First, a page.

Soldier’s Letters: Written by Signaller/Sergeant W. H. Pethard, 7th Battalion, between 1914 and 1917

Signaller W. H. Pethard, 7th Infantry Battalion, 10 May 1915

Soldier Identified: Signaller William Henry Pethard, Service No: 811, 7th Battalion, 1st Australian Overseas Expeditionary Force, A.I.F. Returned to Australia, 19 December 1918.

Originally published: Bendigo Advertiser (Vic.) 29 June 1915

Mrs. G. A. Pethard has received the following letters from her son Signaller W. H. Pethard, dated 10th May, and written from Cairo:—

“Just a line to let you know I am still getting on nicely. I went under the X-Rays last Saturday. The bullet was located near the lower jaw. At about 6 o’clock they operated on me and extracted the bullet from the inside of my mouth. I think they have made a first class job of it. The wound just below the temple is healing up nicely, and will leave a very small scar.

I am sending home a knife, which is not much use to me; certainly every ounce of weight when one is moving about soon appears to develop into a lb. It has gone through the first day of our attack at the Dardanelles, it is now over nine months since I joined the forces, and have seen active service at last, and will probably have plenty in the future.

The Turks are cowards, and are driven on by their German officers, but the Australian boys shrink at nothing. Bloodshed is bound to be enormous. Our boys fight without any officers if it so happens and willingly, and with a firm resolve not to give in until our purpose is accomplished, and the enemy is defeated and crushed. Many of our lads will be maimed for life, and many will lose their lives, but we do not murmur, for we are fighting, we believe, for a righteous cause, and are willing to pay the price whatever it be.

I will give you a list of what I carried when leaving the boat:—

Clothes, what I stand in,
full equipment,
one extra hat,
flannel and pair of socks,
200 rounds of ammunition,
2 1/2 lb. of beef,
two small tins of groceries,
20 dozen biscuits,
one bottle of water,
one canvas water bag,
three tins of jam,
one tin of milk,
mess tin and cover,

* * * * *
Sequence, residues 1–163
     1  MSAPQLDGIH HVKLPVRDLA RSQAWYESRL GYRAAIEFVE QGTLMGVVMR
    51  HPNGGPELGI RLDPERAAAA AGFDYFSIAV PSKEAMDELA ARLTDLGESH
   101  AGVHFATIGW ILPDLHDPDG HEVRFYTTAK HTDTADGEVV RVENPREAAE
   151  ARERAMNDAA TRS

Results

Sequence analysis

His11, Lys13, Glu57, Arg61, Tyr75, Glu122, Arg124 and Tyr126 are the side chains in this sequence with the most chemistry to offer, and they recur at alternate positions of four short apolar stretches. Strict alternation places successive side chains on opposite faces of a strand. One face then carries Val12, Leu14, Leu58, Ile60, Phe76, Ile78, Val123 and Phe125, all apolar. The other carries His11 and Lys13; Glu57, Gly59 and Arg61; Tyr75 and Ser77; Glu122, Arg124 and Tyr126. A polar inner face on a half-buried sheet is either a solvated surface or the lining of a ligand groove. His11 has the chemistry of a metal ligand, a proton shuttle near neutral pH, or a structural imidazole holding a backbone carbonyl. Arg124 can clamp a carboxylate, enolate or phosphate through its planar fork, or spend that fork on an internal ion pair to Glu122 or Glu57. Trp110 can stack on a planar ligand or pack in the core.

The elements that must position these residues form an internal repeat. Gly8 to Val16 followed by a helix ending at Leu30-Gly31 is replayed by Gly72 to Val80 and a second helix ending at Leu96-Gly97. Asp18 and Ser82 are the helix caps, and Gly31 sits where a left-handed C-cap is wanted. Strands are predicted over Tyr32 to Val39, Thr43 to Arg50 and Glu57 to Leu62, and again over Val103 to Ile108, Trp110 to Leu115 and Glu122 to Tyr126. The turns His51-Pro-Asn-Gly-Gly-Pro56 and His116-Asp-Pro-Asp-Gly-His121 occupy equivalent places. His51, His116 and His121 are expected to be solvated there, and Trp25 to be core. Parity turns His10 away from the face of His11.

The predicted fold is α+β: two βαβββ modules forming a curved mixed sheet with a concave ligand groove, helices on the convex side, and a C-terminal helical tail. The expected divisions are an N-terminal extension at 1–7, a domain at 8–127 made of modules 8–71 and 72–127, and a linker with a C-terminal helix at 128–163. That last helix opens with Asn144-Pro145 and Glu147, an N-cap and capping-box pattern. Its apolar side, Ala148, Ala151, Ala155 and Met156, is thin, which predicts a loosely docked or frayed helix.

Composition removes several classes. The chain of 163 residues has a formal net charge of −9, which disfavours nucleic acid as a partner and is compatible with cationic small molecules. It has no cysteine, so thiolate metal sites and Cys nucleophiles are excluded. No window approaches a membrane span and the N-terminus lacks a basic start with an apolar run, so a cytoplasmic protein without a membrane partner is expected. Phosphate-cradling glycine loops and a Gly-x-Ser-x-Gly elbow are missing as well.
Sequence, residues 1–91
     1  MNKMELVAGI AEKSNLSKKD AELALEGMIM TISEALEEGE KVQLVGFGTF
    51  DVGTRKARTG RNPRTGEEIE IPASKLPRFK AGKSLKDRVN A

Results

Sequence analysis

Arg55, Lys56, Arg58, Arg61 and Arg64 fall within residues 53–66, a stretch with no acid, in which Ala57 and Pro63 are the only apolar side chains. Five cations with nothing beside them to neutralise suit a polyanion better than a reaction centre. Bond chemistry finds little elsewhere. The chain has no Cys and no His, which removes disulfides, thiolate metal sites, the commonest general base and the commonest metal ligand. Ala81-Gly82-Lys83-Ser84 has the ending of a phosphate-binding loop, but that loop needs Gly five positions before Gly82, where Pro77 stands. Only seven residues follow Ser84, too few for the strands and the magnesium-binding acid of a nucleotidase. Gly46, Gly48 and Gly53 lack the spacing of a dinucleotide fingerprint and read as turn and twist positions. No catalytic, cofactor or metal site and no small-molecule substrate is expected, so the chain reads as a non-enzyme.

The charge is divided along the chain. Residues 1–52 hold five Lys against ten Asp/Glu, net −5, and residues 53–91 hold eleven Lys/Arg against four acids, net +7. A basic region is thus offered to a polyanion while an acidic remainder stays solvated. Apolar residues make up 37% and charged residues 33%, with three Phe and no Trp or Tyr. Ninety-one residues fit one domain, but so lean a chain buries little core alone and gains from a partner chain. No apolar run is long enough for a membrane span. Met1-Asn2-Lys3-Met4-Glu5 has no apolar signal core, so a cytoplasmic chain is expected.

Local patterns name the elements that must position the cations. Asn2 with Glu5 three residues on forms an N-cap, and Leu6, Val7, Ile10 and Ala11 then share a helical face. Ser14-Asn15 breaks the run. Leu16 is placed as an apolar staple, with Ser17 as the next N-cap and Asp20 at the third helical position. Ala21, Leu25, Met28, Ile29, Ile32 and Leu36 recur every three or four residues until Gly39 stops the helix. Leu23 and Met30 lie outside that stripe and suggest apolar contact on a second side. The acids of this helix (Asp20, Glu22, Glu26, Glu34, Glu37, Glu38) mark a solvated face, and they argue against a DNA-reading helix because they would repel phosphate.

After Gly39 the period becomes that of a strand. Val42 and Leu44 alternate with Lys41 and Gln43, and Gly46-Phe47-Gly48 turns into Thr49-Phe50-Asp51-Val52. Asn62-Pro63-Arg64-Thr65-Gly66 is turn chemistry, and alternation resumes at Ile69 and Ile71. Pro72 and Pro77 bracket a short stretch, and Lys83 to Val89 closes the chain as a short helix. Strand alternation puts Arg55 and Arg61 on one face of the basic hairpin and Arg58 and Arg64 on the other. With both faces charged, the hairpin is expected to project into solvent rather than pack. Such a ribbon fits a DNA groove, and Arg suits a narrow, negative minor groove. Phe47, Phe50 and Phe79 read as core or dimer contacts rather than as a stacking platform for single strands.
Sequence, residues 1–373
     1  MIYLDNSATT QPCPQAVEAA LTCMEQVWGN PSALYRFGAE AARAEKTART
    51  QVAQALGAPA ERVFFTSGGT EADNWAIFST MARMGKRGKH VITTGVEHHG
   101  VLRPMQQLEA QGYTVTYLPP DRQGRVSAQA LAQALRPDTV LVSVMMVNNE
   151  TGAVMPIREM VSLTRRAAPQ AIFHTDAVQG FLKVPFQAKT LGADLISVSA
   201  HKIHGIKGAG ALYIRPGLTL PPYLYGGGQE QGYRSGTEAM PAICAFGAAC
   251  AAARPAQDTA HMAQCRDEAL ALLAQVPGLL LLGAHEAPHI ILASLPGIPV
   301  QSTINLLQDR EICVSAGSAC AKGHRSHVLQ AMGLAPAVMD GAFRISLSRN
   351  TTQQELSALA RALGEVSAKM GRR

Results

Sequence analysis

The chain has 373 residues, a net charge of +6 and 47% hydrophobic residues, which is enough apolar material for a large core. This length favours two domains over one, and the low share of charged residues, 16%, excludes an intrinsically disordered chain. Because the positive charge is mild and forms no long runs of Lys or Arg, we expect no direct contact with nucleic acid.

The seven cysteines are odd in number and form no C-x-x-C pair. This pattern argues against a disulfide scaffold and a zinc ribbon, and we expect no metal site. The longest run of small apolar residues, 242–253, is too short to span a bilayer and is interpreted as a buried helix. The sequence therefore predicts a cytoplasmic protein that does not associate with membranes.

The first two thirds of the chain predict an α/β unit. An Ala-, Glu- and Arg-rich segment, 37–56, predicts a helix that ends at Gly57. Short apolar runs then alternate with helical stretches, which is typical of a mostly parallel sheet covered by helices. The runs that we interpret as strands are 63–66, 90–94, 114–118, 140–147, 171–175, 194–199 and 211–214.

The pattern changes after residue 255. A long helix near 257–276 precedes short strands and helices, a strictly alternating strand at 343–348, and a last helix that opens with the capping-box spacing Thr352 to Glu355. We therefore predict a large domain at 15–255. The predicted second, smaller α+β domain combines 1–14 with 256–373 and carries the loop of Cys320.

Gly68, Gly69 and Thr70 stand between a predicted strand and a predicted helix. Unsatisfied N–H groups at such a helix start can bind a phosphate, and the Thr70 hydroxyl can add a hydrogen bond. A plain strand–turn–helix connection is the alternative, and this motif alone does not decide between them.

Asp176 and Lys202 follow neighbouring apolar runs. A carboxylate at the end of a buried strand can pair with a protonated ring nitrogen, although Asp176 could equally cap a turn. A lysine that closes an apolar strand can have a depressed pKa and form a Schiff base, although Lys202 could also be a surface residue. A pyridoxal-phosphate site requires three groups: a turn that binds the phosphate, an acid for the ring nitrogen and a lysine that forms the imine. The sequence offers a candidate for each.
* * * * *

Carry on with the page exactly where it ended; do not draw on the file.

knife, spoon, fork,
housewife [sewing kit],
razor outfit,
tooth brush and powder,
towel and soap,
waterproof sheet,
nine small books,
seven spools of film,
two pocket knives,
one field dressing,
brush for rifle,
telescope stand,
semaphore flags,
and large morse flag,
in all nearly 100 lbs.”

Writing on 24th May Signaller Pethard said:—

“I am still here. Had rather an exciting few minutes when I visited the 4th Light Horse to say good-bye to a few Bendigo boys before they left for the Dardanelles. They been informed definitely of my death on the battlefield, so you can just imagine the looks of astonishment which greeted me when I went up to them. Why! they, could hardly believe their own eyes. There I was in the best of health, and these lads believing me to have been killed in action. The news was given to them on such good authority that several had written to Bendigo confirming my death. Well, thank God, it is not true, for I am still as good as ever, and hope to be back in the firing line soon.”

Portrait of 312 Acting Corporal (A/Cpl) Victor James Jolly, 24th Battalion, with full kit and kitbag outside a barracks building. An ironmonger from Ballarat, Victoria prior to enlistment A/Cpl Jolly embarked with the rank of Private with A Company from Melbourne on HMAT Euripides on 10 May 1915. Later serving at Gallipoli he was promoted to Corporal. Subsequently transferring to the Anzac Provost Corps he was promoted to Company Quartermaster Sergeant (CQMS). Later transferring to the 66th Battalion, he then rejoined the 24th Battalion. On 31 August 1918, aged 24, he was killed in action at Mont St Quentin and buried nearby. His remains were later exhumed and re-buried in the Peronne Communal Cemetery Extension, France. (Australian War Memorial)


  1. Letters from the Front. Signaller W. H. Pethard (1915, June 29). Bendigo Advertiser (Vic. : 1855 – 1918), p. 8. 
  2. Portrait of 312 Acting Corporal (A/Cpl) Victor James Jolly, 24th Battalion, with full kit and kitbag outside a barracks building. Australian War Memorial

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